Introspection from the Australian desert

By in Interviews


07 by Tobias Titz

This week on Spotlight, we are joined by German-born photographer Tobias Titz, discussing working full time as a professional photographer, as well as his incredible new exhibition ‘Marnti Warajanga’, on display in Canberra, the capital city of Australia..

The Exhibition: In Marnti Warajanga you will meet Indigenous Australians from the Pilbara region of northern Western Australia, and non-Indigenous people who have worked closely with their communities. In their own words they bear witness to momentous historical movements and reflect on their ongoing work for social and political change at a community and national level.



In Tobias Titz’s unique collaborative portraiture process, each person is photographed with a large format camera using Polaroid Type 665 film. He then photographs the same space without the person in it. Following this, the subjects write something of their choice into the wet ‘empty’ negative. The texts relate to questions about major events such as the Pilbara Strike of 1946, the 1967 Referendum and the 2008 Apology to the Stolen Generations.
Tobias says that providing a place where often long-buried stories can be told “allows us to understand where we come from and how to move forward”.

Tobias Titz 

Toby, thanks for joining us on Spotlight. Tell us a little bit about yourself and how you came to be a photographer living and working in Melbourne Australia…

I grew up in Germany and studied photography in Munich where I was living and working as a freelance photographer. In 2000 I met my wife who is Australian – that’s how I came to Melbourne.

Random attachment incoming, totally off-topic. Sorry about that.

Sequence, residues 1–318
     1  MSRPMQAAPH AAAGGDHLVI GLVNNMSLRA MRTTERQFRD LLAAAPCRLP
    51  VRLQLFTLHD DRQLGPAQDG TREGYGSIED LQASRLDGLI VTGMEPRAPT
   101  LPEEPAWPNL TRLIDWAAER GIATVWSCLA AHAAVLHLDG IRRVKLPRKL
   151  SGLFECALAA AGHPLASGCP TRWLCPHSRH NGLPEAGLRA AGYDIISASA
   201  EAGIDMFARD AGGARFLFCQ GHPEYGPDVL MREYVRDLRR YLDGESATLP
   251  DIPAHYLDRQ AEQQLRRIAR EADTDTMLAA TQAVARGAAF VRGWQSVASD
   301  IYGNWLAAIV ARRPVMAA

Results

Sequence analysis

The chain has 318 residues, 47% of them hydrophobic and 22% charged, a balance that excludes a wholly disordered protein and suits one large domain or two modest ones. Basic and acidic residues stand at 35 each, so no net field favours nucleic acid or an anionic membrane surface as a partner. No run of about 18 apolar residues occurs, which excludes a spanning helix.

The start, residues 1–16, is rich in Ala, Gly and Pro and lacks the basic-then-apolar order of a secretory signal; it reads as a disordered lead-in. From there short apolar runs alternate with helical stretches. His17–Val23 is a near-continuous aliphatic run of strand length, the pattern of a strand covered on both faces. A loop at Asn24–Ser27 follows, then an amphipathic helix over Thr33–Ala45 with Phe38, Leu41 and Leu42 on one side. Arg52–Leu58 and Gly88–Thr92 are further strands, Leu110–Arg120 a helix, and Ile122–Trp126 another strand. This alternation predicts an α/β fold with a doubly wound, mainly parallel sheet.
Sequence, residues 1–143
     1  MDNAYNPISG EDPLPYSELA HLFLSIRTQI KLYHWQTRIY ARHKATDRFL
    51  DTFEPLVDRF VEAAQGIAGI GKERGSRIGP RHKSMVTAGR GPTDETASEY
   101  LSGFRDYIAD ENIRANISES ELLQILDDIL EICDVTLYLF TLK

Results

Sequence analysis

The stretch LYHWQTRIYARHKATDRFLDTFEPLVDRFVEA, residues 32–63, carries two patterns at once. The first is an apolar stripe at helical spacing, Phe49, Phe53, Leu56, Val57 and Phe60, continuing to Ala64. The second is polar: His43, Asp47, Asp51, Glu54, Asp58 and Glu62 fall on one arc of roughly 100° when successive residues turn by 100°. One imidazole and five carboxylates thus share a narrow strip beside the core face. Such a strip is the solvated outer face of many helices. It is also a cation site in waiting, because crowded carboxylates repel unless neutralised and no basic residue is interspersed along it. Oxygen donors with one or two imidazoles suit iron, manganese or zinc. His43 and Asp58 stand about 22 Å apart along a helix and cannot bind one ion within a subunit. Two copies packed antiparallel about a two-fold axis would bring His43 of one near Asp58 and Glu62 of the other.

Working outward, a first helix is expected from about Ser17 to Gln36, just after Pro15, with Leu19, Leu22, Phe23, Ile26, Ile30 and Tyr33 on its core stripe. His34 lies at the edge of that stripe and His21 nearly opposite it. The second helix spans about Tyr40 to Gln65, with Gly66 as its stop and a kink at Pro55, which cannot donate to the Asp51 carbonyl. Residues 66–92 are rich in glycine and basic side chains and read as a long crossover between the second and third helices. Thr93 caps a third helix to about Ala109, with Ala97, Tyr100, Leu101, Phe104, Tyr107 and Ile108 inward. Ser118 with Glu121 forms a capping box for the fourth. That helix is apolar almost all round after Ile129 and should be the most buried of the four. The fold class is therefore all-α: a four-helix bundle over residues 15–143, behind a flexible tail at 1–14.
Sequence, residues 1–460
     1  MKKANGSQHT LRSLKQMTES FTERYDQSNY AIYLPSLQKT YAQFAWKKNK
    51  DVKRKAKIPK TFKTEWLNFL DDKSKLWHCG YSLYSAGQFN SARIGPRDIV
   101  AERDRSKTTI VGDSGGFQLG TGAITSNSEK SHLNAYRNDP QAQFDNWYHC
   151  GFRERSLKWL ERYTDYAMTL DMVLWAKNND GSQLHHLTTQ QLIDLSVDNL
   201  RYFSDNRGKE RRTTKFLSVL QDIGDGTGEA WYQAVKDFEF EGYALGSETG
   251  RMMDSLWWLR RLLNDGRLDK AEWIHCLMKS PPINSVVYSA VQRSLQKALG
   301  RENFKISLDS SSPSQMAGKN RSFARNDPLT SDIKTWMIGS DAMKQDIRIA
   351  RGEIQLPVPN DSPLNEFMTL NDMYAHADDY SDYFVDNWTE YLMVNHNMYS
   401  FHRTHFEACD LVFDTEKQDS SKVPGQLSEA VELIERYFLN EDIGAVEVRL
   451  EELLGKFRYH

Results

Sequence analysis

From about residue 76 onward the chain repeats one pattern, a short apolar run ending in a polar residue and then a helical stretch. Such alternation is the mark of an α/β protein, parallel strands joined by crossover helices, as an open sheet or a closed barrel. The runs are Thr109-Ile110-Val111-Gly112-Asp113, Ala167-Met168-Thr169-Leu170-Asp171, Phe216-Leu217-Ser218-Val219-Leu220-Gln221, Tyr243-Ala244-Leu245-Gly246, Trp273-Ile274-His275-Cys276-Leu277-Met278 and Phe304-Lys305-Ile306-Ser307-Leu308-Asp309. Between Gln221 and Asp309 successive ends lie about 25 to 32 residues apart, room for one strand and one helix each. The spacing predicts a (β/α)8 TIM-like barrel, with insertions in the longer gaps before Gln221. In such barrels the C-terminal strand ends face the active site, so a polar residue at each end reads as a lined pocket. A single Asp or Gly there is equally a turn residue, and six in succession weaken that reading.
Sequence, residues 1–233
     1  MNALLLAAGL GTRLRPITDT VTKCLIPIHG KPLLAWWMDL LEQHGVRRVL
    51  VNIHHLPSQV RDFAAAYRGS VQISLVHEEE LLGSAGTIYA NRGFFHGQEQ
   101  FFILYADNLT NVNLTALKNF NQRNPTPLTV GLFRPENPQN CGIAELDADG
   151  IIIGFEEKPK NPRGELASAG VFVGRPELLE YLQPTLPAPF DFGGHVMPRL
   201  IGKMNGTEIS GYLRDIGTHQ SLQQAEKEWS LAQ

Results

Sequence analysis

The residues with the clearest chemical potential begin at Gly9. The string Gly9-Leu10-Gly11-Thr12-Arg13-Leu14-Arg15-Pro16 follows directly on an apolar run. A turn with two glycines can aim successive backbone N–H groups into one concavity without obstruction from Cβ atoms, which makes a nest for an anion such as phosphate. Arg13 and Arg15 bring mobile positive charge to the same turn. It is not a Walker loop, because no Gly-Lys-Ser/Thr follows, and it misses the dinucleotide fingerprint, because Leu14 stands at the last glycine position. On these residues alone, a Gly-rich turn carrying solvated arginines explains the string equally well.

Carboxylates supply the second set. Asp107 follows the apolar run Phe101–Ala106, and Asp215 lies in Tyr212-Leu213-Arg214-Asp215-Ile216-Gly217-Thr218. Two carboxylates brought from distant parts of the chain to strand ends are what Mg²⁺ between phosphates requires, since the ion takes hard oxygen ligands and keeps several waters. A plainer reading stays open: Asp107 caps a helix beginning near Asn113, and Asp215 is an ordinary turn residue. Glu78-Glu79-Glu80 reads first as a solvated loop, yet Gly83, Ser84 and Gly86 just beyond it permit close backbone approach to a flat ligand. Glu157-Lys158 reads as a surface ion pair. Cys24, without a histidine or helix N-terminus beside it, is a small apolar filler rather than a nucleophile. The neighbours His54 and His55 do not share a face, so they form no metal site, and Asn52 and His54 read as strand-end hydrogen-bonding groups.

What kind of photography do you find yourself mainly involved in? (Client base etc)

I work as a commercial photographer but I also make sure to put some time towards my personal projects. One of these personal projects resulted in “Marnti Warajanga – we are travelling”, which is currently exhibited at the Museum of Australian Democracy in old Parliament house in Canberra, Australia’s capital city.

Tobias Titz

For those thinking about turning a passion for photography into a career, could you give any advice?

I think it’s important to keep it fresh – find interesting topics do personal work never stop observing – there are so many interesting stories out there.

Your latest exhibition Marnti Warajanga–we’re travelling is a collaboration between the Museum of Australian Democracy, Wangka Maya Pilbara Aboriginal Language Centre and yourself. Could you tell us how this project came to be?

It all started in 2007 I got in contact with  wangka maya the Pilbara aboriginal language centre and we decided to do a project about the 40th anniversary of the 1967 referendum. From there it developed over the years and resulted in the “Marnti Warajanga” exhibition which will tour Australia for 5 years.

The technical process you decided on was very interesting for this unique collaborative project. Could you tell us about it?

Usually the subject in a portrait has no possibility to interact with the photo.  The subject can relate to the photographer as the shoot progresses, but once the shutter has fired, that’s it.  I thought I would give them the opportunity to comment or contribute to the image itself, that I had just shot.  Normally a portrait is just a single image, but I thought I would extend the process by giving the subject the chance to have a direct input to the finished piece. When you ask people to have an input – to leave a mark, it gives them an active role not a passive role.

I take 2 photos the first one is the portrait photo the second one is a photo of the background the subject scratches their comment in the second empty negative.
I use a large format camera and Polaroid 665 film.

How did you grow developmentally as an artist during this time?

That’s hard to say… what I can say though is that going to these remote communities and meeting these people is a very enriching experience.

Thank you for joining us on Spotlight Toby. Where can people find out more about your work?

You can visit the exhibition in the museum of Australian Democracy in Old Parliament House in Canberra till February 2011. Otherwise visit and check out my website

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